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Old 08-24-2012, 09:04 AM
Gaël DONVAL
 
Default compressor

Le jeudi 23 août 2012 à 20:24 +0800, lina a écrit :
>
> Sorry, here you mean,
>
> once tar -Jcf a.tar.xz a
>
> again
> tar -Jcf a.tar.xz a.tar.xz
> ?
No, I think this was a joke

In most programs, there is a "depth" or "pass number" parameter that
does just this already. If you try to compress again, the overhead
induced by the container (headers and such) will ultimately increase the
file size.

Oh, BTW, if you don't need file permissions, just use 7zip directly on
the directories you want to compress: you will avoid tar format
overhead.


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Old 08-24-2012, 09:10 AM
Jon Dowland
 
Default compressor

On Fri, Aug 24, 2012 at 11:04:56AM +0200, Gaël DONVAL wrote:
> Le jeudi 23 août 2012 à 20:24 +0800, lina a écrit :
> >
> > Sorry, here you mean,
> >
> > once tar -Jcf a.tar.xz a
> >
> > again
> > tar -Jcf a.tar.xz a.tar.xz
> > ?
> No, I think this was a joke

Yes it was a joke but it was based on a recent article where someone
expressed surprise that multiple manual passes of a compressor (I think
gz) resulted in smaller file sizes. (I couldn't find a copy of the article
to link to)

> In most programs, there is a "depth" or "pass number" parameter that
> does just this already. If you try to compress again, the overhead
> induced by the container (headers and such) will ultimately increase the
> file size.

Most compressors work on a block-cipher model in order to support stream
operation and so the compressor doesn't have a global view of the data being
compressed. That's why subsequent manual passes can (sometimes) have a good
effect, especially with e.g. enormous log files with a lot of repetition: local
areas of the file being compressed are treated in isolation, but the resulting
compressed blocks have a lot of (compressed!) repetition. In practise it's
almost certainly very rarely worth bothering.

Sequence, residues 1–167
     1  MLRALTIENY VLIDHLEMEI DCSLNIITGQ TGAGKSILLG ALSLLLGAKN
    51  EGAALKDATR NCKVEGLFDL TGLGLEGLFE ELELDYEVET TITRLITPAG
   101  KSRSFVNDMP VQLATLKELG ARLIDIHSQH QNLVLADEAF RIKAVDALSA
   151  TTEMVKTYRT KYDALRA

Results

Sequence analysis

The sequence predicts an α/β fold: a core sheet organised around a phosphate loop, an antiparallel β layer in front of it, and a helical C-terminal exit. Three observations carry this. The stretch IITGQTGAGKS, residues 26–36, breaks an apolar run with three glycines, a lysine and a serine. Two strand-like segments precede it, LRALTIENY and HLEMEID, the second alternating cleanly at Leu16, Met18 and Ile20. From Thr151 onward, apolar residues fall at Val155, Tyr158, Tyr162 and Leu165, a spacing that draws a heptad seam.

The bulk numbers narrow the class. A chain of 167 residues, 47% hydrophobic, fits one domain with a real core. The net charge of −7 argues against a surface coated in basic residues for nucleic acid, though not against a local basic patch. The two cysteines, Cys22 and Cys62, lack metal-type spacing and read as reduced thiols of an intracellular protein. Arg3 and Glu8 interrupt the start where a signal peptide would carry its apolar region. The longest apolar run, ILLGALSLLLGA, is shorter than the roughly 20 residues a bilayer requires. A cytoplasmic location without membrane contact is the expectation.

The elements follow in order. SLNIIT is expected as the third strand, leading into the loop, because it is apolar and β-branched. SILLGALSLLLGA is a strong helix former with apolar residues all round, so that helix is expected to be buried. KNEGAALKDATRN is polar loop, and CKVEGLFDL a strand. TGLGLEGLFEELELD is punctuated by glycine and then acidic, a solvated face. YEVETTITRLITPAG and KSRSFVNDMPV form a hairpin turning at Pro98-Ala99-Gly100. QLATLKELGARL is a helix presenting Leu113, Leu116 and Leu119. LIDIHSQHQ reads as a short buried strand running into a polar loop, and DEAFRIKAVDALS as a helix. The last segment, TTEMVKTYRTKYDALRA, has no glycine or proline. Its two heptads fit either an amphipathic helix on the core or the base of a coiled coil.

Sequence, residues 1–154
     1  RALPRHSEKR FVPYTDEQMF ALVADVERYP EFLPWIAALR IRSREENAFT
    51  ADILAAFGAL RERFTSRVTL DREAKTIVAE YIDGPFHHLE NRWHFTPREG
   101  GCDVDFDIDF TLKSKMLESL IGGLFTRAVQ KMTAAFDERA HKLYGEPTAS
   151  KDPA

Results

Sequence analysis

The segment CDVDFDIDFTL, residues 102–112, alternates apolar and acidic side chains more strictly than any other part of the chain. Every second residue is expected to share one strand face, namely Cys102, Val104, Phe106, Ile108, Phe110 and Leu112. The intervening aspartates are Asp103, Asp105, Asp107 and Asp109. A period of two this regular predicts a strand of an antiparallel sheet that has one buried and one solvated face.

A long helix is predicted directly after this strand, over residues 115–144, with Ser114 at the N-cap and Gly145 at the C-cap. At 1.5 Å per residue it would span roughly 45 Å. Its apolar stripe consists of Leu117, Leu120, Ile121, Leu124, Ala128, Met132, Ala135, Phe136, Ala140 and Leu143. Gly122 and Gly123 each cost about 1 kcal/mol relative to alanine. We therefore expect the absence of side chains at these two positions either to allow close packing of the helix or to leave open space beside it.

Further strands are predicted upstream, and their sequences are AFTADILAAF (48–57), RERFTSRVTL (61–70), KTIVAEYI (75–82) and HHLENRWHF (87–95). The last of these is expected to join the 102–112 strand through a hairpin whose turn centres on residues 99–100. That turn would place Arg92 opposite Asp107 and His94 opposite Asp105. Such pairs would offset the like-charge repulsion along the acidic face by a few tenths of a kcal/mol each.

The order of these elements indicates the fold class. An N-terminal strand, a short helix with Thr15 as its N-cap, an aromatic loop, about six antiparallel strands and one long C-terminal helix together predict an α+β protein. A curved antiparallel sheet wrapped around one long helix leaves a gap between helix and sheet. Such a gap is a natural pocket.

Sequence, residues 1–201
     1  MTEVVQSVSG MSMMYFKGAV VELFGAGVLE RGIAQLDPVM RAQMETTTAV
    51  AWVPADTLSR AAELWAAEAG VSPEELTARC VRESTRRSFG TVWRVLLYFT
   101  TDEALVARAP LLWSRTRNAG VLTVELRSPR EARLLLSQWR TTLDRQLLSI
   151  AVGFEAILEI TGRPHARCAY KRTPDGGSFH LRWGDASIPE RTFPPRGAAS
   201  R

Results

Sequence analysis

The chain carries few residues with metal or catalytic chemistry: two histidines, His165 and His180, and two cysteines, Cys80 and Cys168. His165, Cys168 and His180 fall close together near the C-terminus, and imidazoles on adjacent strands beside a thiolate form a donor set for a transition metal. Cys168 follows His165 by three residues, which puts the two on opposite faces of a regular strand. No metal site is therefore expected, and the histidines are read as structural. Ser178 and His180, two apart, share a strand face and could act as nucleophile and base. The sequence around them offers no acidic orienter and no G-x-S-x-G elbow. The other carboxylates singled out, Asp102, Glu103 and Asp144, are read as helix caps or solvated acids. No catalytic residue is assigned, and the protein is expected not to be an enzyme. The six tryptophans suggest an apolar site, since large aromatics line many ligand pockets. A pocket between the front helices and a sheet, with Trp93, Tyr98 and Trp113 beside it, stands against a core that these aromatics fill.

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Archive: http://lists.debian.org/20120824091035.GE19780@debian
 
Old 08-24-2012, 09:11 AM
Jon Dowland
 
Default compressor

On Thu, Aug 23, 2012 at 02:26:25PM -0600, Bob Proulx wrote:
> There is a problem with the mashing and reformatting. It makes lzip
> appear to be 66M against xz being 65M and so xz is better, right?
snip
> It would be better to look at the long byte counts for this type of
> comparison.

You're right, that would be necessary to be accurate. An exercise left
for another reader!


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Old 08-24-2012, 09:15 AM
Gaël DONVAL
 
Default compressor

Le jeudi 23 août 2012 à 14:26 -0600, Bob Proulx a écrit :
> Jon Dowland wrote:
> > Bob Proulx wrote:
> > > Jon Dowland wrote:
> > > > linux-3.6-rc2.tar.bz2 78M
> > > > linux-3.6-rc2.tar.gz 99M
> > > > linux-3.6-rc2.tar.xz 65M
> > > linux-3.6-rc2.tar.lz 66M
> > >
> > > I think lzip is worthy enough that it should have a mention too. It
> > > has gotten less attention than xz and that is sad since it is a nice
> > > free software tool. I recompressed that file using lzip for this
> > > comparison.
> >
> > Thanks for the data (mashed/reformatted into quote above). I copied the
> > listings from the kernel.org archives, so the choice of compression types
> > was theirs (although I hadn't heard of lzip, thanks!)
>
> There is a problem with the mashing and reformatting. It makes lzip
> appear to be 66M against xz being 65M and so xz is better, right? But
> wait the above says that gz is 99M. But ls says 100M. So the listed
> sizes are not 100% correct. So 66M is true if 100M is true. But it
> seems that something was truncating down to 99M and so perhaps that
> 65M is actually 66M? In which case xz and lz were actually the same
> for that sample. Or perhaps if they count 65M as true for xy then
> perhaps it should be 65M for lz too?
>
> I think you see the problem. I don't really know from the above data
> whether xz or lz is the same or worse or better.
>
> I didn't go and download the linux-3.6-rc2.tar.xz file to see what
> size it actually should be listed as. I probably should have. But I
> didn't have the time.
>
> It would be better to look at the long byte counts for this type of
> comparison.
>
> Bob

Even if you are perfectly right, I wouldn't look at the long byte count.
A MB today is downloaded in 1s with most internet connection and if you
take linux-2.6 archive or your whole / partition archive, you might see
that lz/xz performs worse/better that xz/lz considering file size.